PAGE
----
Rosencrantz and Guildenstern Are Dead

After watching the various Tim Roth and Gary Oldman films recently, I decided it was time to visit this film, a film I last saw a very long time ago.

My memories of this this film before I watched it were that it was witty and fun to watch, but as I started watching it I remembered that it is actually quite tedious and kind of boring, for the most part. It is certainly not “mercilessly funny”.

The story was kind of confusing at times. It is based on Hamlet, a play I have never read, so maybe if I knew that story better this may have made more sense.

And despite Tim and Gazza being two fave actors of mine, I thought they both over-played their roles a bit, they seemed to think that they had better act this as if they were on stage rather than on a film set, perhaps that is the director’s fault. So, their comedic reactions were a bit over the top with a lot of double-takes, comedy pauses, and various other techniques more commonly seem on stage or in bad TV comedies.

It was genuinely funny at times though, I especially liked Gary Oldman’s character building modern machines out of paper, or “discovering” scientific concepts, only to have Tim’s character destroy or completely ignore them. Some of the dialogue was quite witty and funny, there was just not enough of it.

Reviews for this were mixed, with Wikipedia saying that some reviews say it is more suited to the stage than film. It received a Golden Lion at the Venice Film festival. Roger Ebert did not like it at all.

I may just try to read Hamlet and see if that helps me understand or not understand this film a little better: that is the question. But, I do find Shakespeare tiresome to read…perhaps a dumbed-down version will be in order.

Date watched: September 14th
Score: 5/10
Film count 2018: 57

Meantime

This is a film I remember watching way back in the 90’s, and it had a lasting impression on me. I last watched it in 2010.

It is a 1983 made-for-TV film starring Phil Daniels (he had the speaking part in Blur’s “Parklife” song), Tim Roth, and Gary Oldman. Alfred Molina had a smaller role.

The story follows two brothers (Daniels and Roth) as they basically just go about their daily life on the dole, along with their bitter father, and the equally bitter but working mother. Gary Oldman plays a skinhead who does the usual skinhead things. It isn’t a story as much a look at the extremely depressing life of working-class in the East End of London under Margaret Thatcher.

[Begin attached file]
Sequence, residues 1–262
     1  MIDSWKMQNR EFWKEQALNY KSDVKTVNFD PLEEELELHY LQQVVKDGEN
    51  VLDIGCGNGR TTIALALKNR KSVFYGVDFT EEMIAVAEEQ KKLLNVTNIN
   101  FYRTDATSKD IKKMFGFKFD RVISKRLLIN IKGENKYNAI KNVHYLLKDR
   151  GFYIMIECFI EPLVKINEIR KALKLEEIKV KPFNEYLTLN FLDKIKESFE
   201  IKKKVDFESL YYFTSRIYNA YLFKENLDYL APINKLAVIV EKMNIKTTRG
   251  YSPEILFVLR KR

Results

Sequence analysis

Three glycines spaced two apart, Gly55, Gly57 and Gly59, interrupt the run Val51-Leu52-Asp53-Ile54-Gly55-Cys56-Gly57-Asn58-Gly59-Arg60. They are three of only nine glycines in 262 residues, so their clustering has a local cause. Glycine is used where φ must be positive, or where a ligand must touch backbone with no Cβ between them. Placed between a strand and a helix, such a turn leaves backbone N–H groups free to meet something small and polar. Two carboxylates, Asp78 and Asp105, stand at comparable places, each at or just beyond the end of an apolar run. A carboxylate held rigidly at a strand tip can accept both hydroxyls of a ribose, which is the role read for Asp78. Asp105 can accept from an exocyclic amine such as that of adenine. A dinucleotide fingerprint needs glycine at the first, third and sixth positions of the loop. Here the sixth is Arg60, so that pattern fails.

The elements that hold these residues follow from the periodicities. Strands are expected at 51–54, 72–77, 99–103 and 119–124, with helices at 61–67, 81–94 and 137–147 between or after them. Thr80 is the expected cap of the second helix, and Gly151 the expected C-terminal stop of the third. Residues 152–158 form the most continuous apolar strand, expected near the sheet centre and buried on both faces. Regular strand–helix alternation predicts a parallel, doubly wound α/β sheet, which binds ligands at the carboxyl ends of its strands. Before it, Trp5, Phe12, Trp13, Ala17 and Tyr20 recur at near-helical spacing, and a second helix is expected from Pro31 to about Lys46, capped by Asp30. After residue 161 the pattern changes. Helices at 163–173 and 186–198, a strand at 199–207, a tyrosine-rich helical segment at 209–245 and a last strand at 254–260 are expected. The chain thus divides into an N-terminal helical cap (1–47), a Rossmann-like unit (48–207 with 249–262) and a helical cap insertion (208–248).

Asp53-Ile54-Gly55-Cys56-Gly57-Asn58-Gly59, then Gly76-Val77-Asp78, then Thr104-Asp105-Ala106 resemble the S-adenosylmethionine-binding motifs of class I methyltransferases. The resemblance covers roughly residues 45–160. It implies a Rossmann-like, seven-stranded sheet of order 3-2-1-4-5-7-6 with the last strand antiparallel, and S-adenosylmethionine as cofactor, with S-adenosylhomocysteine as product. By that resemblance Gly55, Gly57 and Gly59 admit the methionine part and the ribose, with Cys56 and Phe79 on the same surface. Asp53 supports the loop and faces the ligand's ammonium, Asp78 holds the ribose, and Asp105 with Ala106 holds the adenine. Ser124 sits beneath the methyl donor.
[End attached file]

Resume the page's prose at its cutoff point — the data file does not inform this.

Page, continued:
For contrast, the mother’s sister lives in a much more well-off suburban part of the city and does her best to help Roth’s character, but we see that even her seemingly idylic life is also troubled…money doesn’t buy everything.

It was directed by Mike Leigh, who does these kinds of films extremely well, and it is just plain superbness throughout. This was Tim Roth’s second film (TV film), with Made In England being his first, which I am going to watch next.

Date watched: August 25th
Score: 10/10
Film count 2018: 55

Tinker Tailor Soldier Spy

I have seen this before, but on a plane back to Japan with crappy headphones so I couldn’t hear it well. I promised myself I would watch it again as it seemed very good.

And second time around it was just that. Lots of low key but powerful acting from all involved. It looked great too with brillo photography, sets, and the whole 70’s look going on.

I must watch the TV series some day.

Date watched: September 25th
Score: 9/10
Film count 2013: 127

Tinker Tailor Soldier Spy

I watched this on the flight back to Japan. Unfortunately it was hard to hear because of the crappy headphones so I missed a lot of the dialogue which in this film was very important.

But from what I could hear and see it was a fantastic film. It was filmed very well and the acting was superbness. I’ll have to get this out again when it comes out here or maybe read the book first.
Gary Oldman looked quite old in this, whether it was the makeup or he really is looking that old I don’t know.

Date watched: March 12th
Score: 9/10
Film count 2012: 35